Congress gears up to debate pay raise


WASHINGTON -- When lawmakers return from their Independence Day recess next week, they'll find some political hot potatoes waiting for them.

Among the smoldering spuds -- a proposed pay raise for federal workers. The size of the pay raise for the next fiscal year is in dispute on Capitol Hill, where a decision is expected once Congress reconvenes July 11.

Debate over the raise has been heated, with the House approving a much higher raise than the Senate. The House would boost salaries 2.6 percent, while the Senate would raise pay by 1.6 percent. Government agencies would have to absorb the cost of the higher House raise, which would apply to Maryland's nearly 300,000 federal workers.

Which figure will win out? Congress watchers are putting their money on the bigger sum, mainly because it has the tentative support of then-Budget Director Leon Panetta.

Meanwhile, some observers contend that the Senate may have backed the lower pay raise to create a bargaining chip for itself during House-Senate negotiations.

Sen. Dennis DeConcini, D-Ariz., who sought the lower raise, wants to enact a new law enforcement pay system not included in the House bill. He may grant key concessions to the House to secure his law enforcement plan -- and that could include a higher pay raise.

"[Mr. DeConcini] will want that in the final bill so he'll probably be trading for it," says Nick Nolan, executive director of the Federal Government Service Task Force.

Mr. DeConcini says he hopes the conferees will find enough money for the higher raise but he's not certain Congress can fund it.

"We've done raises here -- and I've been guilty of it -- it's just assumptions and absorptions," he said recently. "That's really not fair to do."

The pay raise is part of a fiscal 1995 spending bill for the Treasury Department, the U.S. Postal Service and other federal agencies. House-Senate conferees may wait to consider the raise until lawmakers draft a compromise on the crime bill.

Military retirees secured a victory last week when the Senate voted to move up the delivery date of cost-of-living adjustments (COLAs).

The Senate passed an amendment that requires military and civilian COLAs to begin the same month next year, instead of six months later for military retirees. The Senate approved the amendment to the fiscal 1995 Defense Authorization Bill, co-sponsored by Sens. John Warner, R-Va., and Paul Sarbanes, D-Md., in an 88-12 vote July 1.

This year, military and civilian retirees waited until April to collect their COLAs instead of receiving their benefits at the beginning of the year. The spring start-up date is in place for civilian COLAs in 1995 and 1996, but a fall start-up date was sought for military COLAs.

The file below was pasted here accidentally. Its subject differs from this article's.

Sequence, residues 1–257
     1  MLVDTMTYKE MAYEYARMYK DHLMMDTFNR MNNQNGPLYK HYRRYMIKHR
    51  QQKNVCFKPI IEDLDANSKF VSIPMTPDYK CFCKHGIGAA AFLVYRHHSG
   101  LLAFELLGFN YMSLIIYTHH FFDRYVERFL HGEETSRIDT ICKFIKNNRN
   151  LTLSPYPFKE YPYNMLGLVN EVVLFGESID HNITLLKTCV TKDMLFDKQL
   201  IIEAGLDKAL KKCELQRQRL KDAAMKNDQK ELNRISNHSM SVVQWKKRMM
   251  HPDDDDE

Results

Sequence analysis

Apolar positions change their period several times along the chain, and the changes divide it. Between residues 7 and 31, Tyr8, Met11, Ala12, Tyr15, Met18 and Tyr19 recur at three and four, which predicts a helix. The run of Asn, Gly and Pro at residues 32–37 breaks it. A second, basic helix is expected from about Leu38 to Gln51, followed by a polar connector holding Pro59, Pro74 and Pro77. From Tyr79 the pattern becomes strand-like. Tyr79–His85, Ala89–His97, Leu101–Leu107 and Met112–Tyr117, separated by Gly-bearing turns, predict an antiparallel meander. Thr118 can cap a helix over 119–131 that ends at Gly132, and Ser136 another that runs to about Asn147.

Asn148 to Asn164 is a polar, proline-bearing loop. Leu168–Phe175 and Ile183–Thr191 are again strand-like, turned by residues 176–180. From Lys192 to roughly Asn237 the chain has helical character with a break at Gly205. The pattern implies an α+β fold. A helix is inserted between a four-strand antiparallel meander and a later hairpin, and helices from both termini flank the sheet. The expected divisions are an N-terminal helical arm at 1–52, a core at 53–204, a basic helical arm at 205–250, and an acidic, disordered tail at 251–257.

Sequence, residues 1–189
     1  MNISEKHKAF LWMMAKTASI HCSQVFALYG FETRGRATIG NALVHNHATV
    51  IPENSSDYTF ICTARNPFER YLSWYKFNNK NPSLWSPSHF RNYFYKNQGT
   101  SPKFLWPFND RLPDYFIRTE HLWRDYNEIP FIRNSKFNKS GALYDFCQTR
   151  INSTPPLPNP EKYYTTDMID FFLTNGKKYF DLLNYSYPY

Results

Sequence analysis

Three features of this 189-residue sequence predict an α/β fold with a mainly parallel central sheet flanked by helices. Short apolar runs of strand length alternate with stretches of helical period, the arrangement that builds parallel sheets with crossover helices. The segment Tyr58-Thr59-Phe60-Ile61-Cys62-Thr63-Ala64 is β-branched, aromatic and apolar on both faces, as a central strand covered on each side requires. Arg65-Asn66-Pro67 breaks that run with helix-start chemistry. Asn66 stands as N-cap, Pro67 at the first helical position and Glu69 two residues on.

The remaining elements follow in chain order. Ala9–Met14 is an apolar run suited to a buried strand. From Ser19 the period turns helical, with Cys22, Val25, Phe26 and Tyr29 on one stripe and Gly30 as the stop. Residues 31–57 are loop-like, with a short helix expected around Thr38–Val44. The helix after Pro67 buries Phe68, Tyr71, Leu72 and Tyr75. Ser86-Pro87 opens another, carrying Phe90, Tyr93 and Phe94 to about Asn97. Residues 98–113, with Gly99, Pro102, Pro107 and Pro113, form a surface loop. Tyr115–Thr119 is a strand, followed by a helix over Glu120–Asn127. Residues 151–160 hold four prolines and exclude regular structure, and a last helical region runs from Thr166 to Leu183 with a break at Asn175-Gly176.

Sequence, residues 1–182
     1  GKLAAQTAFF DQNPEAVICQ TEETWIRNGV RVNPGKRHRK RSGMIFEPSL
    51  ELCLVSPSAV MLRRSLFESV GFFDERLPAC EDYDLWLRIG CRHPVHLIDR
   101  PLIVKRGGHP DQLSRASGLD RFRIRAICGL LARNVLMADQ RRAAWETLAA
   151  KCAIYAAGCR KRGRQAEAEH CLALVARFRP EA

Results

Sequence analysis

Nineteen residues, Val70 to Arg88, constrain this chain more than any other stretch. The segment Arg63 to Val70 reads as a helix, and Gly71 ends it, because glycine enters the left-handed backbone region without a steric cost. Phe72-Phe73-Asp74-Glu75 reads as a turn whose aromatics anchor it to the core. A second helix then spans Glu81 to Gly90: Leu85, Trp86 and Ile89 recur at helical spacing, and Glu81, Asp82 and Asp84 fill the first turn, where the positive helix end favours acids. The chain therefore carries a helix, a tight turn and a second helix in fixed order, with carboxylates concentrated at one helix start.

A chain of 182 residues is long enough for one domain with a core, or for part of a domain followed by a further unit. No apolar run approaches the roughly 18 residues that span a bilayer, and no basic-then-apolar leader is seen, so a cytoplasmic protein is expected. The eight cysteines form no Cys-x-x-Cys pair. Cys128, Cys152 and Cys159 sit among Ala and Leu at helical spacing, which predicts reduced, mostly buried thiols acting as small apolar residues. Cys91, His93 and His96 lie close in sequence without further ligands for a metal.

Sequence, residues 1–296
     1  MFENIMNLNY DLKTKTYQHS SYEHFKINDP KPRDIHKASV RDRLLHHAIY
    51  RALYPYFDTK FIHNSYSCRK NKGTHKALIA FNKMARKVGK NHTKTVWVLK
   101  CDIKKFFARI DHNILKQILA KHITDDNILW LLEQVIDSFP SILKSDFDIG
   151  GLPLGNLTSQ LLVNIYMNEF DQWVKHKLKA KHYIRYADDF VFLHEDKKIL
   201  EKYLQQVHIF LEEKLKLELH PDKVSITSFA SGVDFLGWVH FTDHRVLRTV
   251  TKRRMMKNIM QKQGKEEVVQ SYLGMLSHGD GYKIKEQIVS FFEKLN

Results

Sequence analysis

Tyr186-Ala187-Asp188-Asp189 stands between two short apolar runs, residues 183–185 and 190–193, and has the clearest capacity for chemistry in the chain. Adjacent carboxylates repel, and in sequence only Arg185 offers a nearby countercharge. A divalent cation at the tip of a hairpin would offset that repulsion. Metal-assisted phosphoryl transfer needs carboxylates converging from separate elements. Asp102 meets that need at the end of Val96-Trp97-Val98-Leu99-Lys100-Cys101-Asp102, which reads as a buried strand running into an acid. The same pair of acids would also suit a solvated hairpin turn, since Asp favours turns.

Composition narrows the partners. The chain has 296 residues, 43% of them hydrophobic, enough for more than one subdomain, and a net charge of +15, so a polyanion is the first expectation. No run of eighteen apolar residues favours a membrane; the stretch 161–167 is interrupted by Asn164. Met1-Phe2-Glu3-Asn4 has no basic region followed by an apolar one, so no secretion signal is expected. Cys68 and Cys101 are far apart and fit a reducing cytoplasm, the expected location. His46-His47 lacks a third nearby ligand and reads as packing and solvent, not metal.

The Warner-Sarbanes amendment allows military and civilian COLAs to kick in at the same time next year -- April 1.

Lawmakers argued that delaying the start of COLAs from the traditional Jan. 1 date could save more than $3 billion over five years.

But the policy came under fire by some lawmakers who said former military personnel were being robbed to pay civilian retirees.

"I think it is not the right message to send to active-duty personnel, or people considering going into the military, that they are going to be treated this way in their retirement years," Mr. Sarbanes said. "It has potentially serious implications for troop morale as well as for recruitment and retention."

But moving up the COLA starting date for military retirees will cost money.

The Senate bill aims to pay for the change by requiring the Department of Defense to transfer $374 million from the fund it now uses to pay for rent and office supplies.

The House passed a nearly identical COLA measure last month. The defense authorization bill now goes to a House-Senate conference committee.

Going, going . . . gone.

That's the status of many federal agency buyout plans, which offer employees up to $25,000 to leave the federal work force.

As of June 30, 16,293 employees had applied for buyouts, but agencies had authorization for 15,526, according to the Office of Personnel Management (OPM). This is 10.8 percent more applications than there were buyouts available, OPM says.

The buyouts will be offered again in the fall as part of the Clinton administration effort to downsize government. In October, federal agencies will give 50,000 to 70,000 workers a chance to make a paid exit from government ranks.

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